Walk the Wild Side
After the cathedral, Rene took me to Barangay Bonbonon, which is about 15 kilometers away from the city proper. He said that visitors must trek to reach the waterfalls in this part of Iligan. His motorcycle traversed dirt roads and rugged towards Dodiongan Falls. We crossed a rice field and a stream, taking us about 20 minutes to get there. The falls is about 100 feet high. Two torrent flows cascade down stalactite-like rocks - the one on the right side being stronger than the left. Water drops onto a spring-green pool about 20 feet deep. This unique feature makes Dodiongan fascinating to gaze at. It's probably one of the country's waterfalls that only backpackers know about.
We then traveled to Barangay Kiwalan, which is 20 kilometers from the city proper. Hindang Falls awaited us. It's another cascade-type, albeit much shorter than Dodiongan. Water glides down a smooth, steep slope about 25 feet high. At its foot is an apple-green pool that beckons. Rene pointed to the top of the falls and told me of cave clusters not far from where we stood. The caves have narrow entrances with long and deep chambers. However, lack of time prevented us from climbing and exploring the caves.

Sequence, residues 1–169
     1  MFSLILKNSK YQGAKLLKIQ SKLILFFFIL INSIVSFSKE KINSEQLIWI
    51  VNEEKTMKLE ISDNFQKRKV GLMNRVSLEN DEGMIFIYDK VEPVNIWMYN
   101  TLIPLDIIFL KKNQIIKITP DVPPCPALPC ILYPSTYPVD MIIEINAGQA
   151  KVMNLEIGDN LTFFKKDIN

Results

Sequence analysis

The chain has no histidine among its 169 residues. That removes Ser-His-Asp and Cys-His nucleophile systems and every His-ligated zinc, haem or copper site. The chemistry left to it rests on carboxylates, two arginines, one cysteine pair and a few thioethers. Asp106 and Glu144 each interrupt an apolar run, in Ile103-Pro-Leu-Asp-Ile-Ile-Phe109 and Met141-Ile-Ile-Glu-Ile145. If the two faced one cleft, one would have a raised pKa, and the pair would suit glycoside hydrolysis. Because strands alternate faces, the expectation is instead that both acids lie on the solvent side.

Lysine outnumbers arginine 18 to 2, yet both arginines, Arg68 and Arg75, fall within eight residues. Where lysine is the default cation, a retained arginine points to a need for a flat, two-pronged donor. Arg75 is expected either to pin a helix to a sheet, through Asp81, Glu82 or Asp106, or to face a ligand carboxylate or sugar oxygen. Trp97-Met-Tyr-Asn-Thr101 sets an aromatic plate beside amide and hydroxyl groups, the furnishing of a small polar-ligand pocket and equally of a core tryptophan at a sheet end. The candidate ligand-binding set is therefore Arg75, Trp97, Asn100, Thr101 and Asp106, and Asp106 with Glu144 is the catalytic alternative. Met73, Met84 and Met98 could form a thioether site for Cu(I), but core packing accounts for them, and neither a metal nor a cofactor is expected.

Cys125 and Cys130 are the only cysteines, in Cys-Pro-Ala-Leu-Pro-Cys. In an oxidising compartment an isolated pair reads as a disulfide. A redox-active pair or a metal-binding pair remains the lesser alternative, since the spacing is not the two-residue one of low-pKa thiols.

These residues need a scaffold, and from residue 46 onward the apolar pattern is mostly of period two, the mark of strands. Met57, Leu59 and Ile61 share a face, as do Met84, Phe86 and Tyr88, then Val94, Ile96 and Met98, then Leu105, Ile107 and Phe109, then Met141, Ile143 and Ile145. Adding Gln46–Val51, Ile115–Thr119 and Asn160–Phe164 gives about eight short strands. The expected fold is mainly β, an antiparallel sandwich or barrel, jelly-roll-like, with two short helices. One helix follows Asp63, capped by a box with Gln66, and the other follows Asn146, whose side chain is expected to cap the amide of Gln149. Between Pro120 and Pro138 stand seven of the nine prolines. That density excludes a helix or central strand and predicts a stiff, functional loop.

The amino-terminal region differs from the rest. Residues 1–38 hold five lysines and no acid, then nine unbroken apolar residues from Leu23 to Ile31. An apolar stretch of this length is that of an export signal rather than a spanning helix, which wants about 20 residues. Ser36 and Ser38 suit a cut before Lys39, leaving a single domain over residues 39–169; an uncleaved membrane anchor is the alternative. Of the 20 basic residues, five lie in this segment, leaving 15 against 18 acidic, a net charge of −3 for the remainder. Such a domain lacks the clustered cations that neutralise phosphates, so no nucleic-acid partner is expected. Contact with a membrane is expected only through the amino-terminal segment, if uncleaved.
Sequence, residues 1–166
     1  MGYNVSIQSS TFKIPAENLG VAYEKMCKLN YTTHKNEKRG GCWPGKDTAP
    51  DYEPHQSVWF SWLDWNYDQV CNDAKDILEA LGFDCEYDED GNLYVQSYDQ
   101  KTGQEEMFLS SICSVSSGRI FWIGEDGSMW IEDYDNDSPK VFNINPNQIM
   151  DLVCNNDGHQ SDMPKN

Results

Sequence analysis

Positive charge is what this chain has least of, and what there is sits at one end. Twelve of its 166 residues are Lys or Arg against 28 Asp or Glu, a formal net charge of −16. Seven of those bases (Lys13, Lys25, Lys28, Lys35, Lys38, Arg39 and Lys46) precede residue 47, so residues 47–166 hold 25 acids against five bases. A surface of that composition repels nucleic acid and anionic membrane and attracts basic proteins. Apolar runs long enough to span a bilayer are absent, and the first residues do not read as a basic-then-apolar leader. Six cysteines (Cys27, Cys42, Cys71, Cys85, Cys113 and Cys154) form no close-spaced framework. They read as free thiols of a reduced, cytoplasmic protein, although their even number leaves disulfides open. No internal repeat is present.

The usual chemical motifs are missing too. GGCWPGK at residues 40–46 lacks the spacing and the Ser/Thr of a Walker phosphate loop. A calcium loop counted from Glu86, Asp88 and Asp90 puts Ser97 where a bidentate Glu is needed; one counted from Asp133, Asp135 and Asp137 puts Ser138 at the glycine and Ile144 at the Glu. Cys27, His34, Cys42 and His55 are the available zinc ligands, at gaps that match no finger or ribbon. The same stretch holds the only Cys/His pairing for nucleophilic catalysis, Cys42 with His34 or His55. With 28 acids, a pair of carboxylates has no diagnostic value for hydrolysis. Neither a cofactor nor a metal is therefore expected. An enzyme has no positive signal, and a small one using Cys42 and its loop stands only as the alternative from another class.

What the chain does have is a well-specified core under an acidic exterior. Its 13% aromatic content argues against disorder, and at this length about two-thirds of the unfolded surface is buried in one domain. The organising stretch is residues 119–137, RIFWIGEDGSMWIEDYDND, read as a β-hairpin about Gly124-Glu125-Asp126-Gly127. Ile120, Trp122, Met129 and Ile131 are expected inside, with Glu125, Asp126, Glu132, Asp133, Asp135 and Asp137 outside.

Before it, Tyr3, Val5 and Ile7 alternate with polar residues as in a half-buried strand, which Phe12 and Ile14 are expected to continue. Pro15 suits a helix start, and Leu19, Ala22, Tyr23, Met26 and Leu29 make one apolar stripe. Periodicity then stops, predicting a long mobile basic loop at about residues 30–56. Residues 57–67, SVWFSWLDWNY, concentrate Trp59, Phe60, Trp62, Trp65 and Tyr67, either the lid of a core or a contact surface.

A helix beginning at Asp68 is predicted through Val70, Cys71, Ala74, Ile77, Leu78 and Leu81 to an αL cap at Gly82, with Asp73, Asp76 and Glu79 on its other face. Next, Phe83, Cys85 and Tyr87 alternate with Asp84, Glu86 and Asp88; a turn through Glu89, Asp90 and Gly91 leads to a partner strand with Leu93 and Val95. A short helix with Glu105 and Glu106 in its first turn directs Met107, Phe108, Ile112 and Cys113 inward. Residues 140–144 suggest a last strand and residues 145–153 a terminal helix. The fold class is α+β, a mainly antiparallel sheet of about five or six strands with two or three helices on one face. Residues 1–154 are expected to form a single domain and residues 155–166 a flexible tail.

Instead, we went to Barangay Dalipuga, where another 25-foot falls is found. Rene and I descended a grassy slop towards Pampan Falls. Like Hindang, water cascades into an apple-green pool. The only difference is the rock formation that the water comes into contact with - Pampan's made up of smaller stalactites within the formations. Then we called it a day; we were supposed to visit Kalubihon but dark clouds cut the trip short because of looming rain.
We traveled to the city's outskirts on the way to Barangay Buru-un, which is home to three of Iligan's most majestic falls, namely Maria Christina, Mimbalut and Tinago.
Maria Christina has often been featured in Philippine stamps. It's hardly a surprise considering that the sight of water dropping from a 320-foot high cliff is breathtaking. Visitors must come here on weekends by 11 AM because it's the only time of the week when Maria Christina comes to life; because a hydroelectric company harnesses its water for electric power thereafter. And there are plans to turn the area into a tourist park.